Dipping your toe in the water

How to avoid the mistakes new investors make.

Up until now, we’ve focused on the theory of the share markets, but when you put real money in, theory can go out the window. Every investor has war stories of times they missed out on the opportunity of a lifetime, sold too early, or sold too late. Today, we focus on avoiding those mistakes.

dipping your toe in the water

01 | 03

If you invested $1,000 in XYZ Company and in 5 years your shares are worth $900, what does this mean for you?

Answer: D

A drop in share prices means nothing (unless you have to sell).

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You never make or lose money until you sell your shares

Shares fluctuate in value, so you need to be mentally prepared for times when, on paper, some or all your shares are worth less than what you paid for them.

Good investors have a plan and stick with it 

If the value of your shares is dropping by the day (think financial crisis), it’s very hard to fight the urge to sell up and get your money out of the share markets while you can… Even if it means you wind up with less than what you started with.

The fifth rule of investing is to make an investment plan and stick with it. Even if it means NOT checking the value of your shares for months on end. We’ve said it before and we’ll say it again, logic is only part of the picture. When you are investing for the long term, one of your biggest challenges can be keeping your emotions in check.

But what if it goes the other way?

02 | 03

If you invested $1,000 in shares in XYZ Company, and they've shot up in value by 50%, what should you do?

Answer: D

Stick with your plan.

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There are a couple of different approaches to investing

Buy and hold

Some investors have a ‘set and forget’ plan, where they have a diversified selection of shares and then keep investing in those same shares at regular intervals. They might review and update their plan once in a while but otherwise ignore the short term ups and downs.

Actively trade

Some people try to make money by trading shares regularly. They try to profit off the short term fluctuations by buying shares when they drop in price, and selling when they increase. These investors often monitor share prices up to several times a day (or more!).

A combo!

There are pros and cons to both approaches. Actively trading can be a good way to learn, make a quick buck and get out of bad investments fast... But it can be far more time consuming and evidence suggests that it might not end up being profitable for most people.

On the other hand, 'set & forget' may feel boring, but it does help most investors keep their emotions in check and grow their wealth in the long run.  

Because nothing in investing is all or nothing, many investors just do a bit of both.

What investments should I start with?

Answer: B

Whatever you like, just try not to put all your eggs in one basket!

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A good portfolio is a diversified one, but how you get there is up to you!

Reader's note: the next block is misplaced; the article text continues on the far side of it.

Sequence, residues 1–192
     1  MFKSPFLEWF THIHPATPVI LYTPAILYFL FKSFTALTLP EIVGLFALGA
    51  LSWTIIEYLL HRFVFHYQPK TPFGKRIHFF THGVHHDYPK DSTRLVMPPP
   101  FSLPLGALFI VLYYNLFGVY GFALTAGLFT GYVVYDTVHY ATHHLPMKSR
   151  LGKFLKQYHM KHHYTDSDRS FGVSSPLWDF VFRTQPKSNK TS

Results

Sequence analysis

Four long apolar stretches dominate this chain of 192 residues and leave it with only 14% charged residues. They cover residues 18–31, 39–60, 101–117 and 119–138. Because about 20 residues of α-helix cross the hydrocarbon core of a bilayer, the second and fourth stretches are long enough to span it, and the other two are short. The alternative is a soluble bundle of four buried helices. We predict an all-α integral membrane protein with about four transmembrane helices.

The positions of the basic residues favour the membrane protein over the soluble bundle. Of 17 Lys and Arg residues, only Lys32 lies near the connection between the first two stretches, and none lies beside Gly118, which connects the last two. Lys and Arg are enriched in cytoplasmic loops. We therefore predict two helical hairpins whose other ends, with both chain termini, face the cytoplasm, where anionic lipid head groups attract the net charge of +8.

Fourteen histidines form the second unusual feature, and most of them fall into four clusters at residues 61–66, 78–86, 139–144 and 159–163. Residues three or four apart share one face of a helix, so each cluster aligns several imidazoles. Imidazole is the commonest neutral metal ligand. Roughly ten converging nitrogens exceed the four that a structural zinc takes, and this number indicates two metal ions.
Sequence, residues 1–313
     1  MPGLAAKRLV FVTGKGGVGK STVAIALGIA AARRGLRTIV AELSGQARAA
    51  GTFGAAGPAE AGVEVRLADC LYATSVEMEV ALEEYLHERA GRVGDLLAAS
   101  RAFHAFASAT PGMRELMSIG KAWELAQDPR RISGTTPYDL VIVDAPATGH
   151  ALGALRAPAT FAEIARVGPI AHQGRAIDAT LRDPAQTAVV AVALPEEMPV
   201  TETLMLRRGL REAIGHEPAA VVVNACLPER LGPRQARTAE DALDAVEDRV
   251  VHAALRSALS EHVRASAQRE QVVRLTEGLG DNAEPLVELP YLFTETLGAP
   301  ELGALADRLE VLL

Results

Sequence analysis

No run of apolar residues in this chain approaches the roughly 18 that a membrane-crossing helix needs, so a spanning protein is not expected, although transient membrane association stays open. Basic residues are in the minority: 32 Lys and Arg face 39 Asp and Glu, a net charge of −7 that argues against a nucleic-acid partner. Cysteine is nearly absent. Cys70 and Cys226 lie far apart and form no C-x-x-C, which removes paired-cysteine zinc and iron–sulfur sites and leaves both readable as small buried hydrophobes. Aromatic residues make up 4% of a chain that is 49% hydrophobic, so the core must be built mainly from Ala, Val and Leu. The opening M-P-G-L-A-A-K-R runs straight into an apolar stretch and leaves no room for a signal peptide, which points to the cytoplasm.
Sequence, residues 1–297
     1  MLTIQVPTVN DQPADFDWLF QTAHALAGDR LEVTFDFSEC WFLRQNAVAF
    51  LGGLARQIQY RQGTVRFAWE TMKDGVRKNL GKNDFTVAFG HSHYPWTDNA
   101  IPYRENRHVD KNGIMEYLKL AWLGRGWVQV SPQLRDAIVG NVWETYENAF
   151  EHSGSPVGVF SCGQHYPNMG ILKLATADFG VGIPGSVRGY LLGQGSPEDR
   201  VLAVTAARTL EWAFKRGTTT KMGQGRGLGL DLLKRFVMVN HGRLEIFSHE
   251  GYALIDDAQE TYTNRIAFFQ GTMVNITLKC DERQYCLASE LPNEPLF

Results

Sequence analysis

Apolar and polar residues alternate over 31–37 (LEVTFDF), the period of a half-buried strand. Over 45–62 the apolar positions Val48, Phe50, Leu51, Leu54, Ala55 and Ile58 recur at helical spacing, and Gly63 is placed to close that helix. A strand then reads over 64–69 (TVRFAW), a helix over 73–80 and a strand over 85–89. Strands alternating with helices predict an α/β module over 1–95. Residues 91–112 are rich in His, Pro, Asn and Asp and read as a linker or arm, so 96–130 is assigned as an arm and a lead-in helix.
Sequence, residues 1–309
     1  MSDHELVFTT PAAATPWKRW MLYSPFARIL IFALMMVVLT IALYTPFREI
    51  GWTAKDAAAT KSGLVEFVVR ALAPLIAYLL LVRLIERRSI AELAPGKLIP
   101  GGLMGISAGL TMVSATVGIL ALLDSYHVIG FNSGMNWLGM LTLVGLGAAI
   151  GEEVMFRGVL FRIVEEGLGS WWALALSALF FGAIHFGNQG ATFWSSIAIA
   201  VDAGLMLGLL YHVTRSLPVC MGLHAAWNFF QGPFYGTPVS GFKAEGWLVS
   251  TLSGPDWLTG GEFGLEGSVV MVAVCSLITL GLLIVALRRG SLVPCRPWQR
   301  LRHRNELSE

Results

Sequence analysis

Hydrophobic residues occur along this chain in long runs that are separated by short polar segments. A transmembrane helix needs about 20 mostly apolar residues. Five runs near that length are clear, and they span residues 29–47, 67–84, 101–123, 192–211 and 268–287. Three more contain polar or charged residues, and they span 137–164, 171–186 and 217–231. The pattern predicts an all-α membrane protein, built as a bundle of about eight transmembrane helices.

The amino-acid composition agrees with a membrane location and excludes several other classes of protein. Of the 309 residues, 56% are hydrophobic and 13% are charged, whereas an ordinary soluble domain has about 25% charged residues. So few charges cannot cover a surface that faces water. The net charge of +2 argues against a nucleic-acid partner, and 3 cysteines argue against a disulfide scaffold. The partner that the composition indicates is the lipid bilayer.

There is one more factor that investors need to keep in mind when choosing their investment mix: Fees.

Rule six: Don’t let fees gobble up your investment

There are generally three types of fees when you invest in the share markets:

  1. Foreign Exchange fees: If you invest outside NZ, your money needs to be exchanged into another currency. Different foreign exchange dealers offer different rates, so it’s good to compare options… But there’s no way to avoid them.
  2. Trading fees: Usually when you buy or sell shares, you pay a brokerage fee; this is the fee charged when you place a trade, for your broker to match your order with others. These differ from one broker to another.
  3. Fund fees (for ETFs): Most fund managers charge a small annual fee to cover the costs of managing each ETF. These also vary wildly and we’ll cover them in more detail tomorrow (forgotten what ETFs are? Refresh your memory here)

ETFs give you more diversification for lower fees 

Many investors start out with a budget of $100-500, so have to keep fees top of mind. To buy shares in 20 individual companies through Hatch, and keep to the 5% rule, you’d pay $60 USD in trade fees. However, if you invested in one ETF, you would only pay $3 USD and have a small slice of tens or hundreds of companies.

Don’t let fees put you off investing

Most investors put a strong emphasis on reducing their fees, but they’re unavoidable to some extent. You can’t earn if you don’t buy, and typically buying comes with fees. One way to think about it, though, is that if you buy a fraction of a share through Hatch, you pay $3 USD in fees, which means you’re spending less than the cost of a cup of coffee to start building your financial future.

Food for thought

Food for thought.

Add ETFs to your watchlist

Refresh your memory on what an ETF is, or read more about the difference between stocks and ETFs.

It’s time to start thinking about your first investments. We're not telling you to go off and buy shares, but how about trying some research and adding some sample ETFs to your watchlist? When you are building your watchlist, keep your budget in mind when considering the number of ETFs or stocks you want to invest in.

On day 6, you'll learn to start thinking about ETFs in a way that helps you decide which ones are right for you. Today is all about just getting comfortable browsing and adding some investments to your watchlist.

*Fund Managers and ETFs referred to in this course are referred to by way of example or illustration only. We don’t provide any opinion or recommendation on the buying or selling of any financial products or using the services of any fund manager.